All testing was conducted with the tester blinded to the group or the treatment that the individual mice received to eliminate observer bias. Mice were tested before infection (baseline) and at postinfection days (PIDs) 1, 7, 14, 21, and 28. Mice were tested for pelvic pain in individual Plexiglas chambers (6 × 10 × 12 cm) with a stainless steel wire grid floor as previously described (29). Referred hyperalgesia indicated by an increase in responsiveness to stimulus intensities that evoked a response under baseline conditions (hyperalgesia) and tactile allodynia indicated by responsiveness to stimuli that provoked no reaction before EAP were tested using different calibrated forces of von Frey fibers. Referred hyperalgesia and tactile allodynia were tested using von Frey filaments with forces of 0.04, 0.16, 0.4, 1, and 4 g (Stoelting). Each filament was applied in increasing force order for 1–2 s with at least a 5-s interval between stimulations for a total of 10 times. Stimulation was confined to the pelvic area in the general vicinity of the prostate, and care was taken to stimulate different areas within this region to avoid desensitization. Three types of behaviors were considered as positive responses to filament stimulation: 1) sharp retraction of the abdomen; 2) immediate licking or scratching of the area of filament stimulation; or 3) jumping. Response frequency was calculated as the percentage of positive response (out of 10, e.g., 5 responses of 10 = 50%), and data were reported as the mean percentage of response frequency ± SE (5).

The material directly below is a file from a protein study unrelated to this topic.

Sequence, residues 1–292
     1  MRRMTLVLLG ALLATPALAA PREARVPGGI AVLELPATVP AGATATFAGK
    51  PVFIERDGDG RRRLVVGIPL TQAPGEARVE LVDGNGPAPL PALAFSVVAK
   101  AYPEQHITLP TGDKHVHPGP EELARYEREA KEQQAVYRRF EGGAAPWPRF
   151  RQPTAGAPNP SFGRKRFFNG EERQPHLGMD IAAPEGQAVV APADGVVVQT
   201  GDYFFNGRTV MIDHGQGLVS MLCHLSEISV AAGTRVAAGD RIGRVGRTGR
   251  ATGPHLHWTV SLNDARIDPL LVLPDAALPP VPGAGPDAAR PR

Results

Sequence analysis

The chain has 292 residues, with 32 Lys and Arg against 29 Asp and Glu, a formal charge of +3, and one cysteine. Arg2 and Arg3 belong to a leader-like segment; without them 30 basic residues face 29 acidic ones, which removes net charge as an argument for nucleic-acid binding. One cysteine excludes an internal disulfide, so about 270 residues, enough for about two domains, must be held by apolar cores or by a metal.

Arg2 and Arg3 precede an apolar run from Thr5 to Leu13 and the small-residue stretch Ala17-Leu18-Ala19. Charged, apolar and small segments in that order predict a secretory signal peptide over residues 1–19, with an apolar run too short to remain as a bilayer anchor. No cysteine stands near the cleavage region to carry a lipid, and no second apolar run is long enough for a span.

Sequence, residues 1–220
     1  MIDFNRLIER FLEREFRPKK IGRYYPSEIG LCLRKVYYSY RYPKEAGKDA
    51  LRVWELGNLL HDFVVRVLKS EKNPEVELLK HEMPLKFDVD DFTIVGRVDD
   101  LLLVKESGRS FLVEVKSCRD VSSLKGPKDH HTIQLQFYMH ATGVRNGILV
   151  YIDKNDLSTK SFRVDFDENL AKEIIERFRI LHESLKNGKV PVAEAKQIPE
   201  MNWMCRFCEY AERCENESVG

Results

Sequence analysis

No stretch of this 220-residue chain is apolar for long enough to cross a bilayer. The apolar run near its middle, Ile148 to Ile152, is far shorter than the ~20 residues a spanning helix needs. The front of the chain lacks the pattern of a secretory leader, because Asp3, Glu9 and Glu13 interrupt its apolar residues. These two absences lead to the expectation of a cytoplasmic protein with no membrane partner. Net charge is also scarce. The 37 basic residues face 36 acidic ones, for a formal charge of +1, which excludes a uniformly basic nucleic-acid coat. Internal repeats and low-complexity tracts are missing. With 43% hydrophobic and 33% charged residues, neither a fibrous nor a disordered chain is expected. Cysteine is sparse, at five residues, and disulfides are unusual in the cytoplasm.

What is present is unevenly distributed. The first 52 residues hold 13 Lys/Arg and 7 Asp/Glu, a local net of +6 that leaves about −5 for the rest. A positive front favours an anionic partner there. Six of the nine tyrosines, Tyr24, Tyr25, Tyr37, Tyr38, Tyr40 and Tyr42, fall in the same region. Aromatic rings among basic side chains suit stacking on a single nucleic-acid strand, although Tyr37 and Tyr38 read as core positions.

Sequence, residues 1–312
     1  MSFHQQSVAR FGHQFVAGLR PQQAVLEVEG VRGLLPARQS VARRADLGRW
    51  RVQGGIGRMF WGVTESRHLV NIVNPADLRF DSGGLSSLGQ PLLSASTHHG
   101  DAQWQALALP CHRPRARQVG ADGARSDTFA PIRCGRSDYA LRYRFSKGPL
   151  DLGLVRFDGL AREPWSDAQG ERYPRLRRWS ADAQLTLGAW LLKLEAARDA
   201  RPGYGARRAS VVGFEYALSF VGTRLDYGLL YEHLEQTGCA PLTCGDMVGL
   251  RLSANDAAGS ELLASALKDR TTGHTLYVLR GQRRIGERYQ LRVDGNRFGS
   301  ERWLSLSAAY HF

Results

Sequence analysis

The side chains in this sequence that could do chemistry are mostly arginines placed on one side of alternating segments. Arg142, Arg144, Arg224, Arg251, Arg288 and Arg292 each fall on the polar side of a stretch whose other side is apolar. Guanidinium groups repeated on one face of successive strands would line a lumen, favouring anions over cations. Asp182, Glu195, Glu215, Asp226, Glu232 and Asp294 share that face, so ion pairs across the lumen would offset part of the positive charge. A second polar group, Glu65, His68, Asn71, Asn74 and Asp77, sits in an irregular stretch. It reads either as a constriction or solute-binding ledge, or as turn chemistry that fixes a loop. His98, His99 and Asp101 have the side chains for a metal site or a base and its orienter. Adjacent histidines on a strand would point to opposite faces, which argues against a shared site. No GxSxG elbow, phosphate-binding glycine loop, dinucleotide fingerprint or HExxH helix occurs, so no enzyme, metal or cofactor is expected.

Total RNA of tissue and cells was isolated with the QIAGEN RNeasy mini kit (Qiagen, Hilden, Germany) according to the manufacturer's instructions. The concentration and purity of RNA were determined by measuring absorbance at 260 and 280 nm with a Nanoview Plus Spectophotometer (GE Healthcare, Little Chalfont, Buckinghamshire). Total RNA were reverse-transcribed by RT2 First Strand Kits (Qiagen) according to the manufacturer's instructions, and single-stranded cDNA was amplified by PCR with specific primers as described in Table 1. For PCR amplification, RT2 SYBR Green qPCR Mastermix (Qiagen) was used according to the manufacturer's protocol. The reaction conditions were as follows: an initial denaturation at 94°C for 5′ min followed by 40 cycles of denaturation for 60 s at 94°C, annealing for 30 s at 60°C and extension for 60 s at 72°C with a final melting curve from 50°C to 95°C. The threshold cycle (Ct) values of target genes were normalized with L19 of the same sample and expressed relative to controls. Fold change in gene expression was calculated using the ΔΔCt method.
Laser capture microdissection.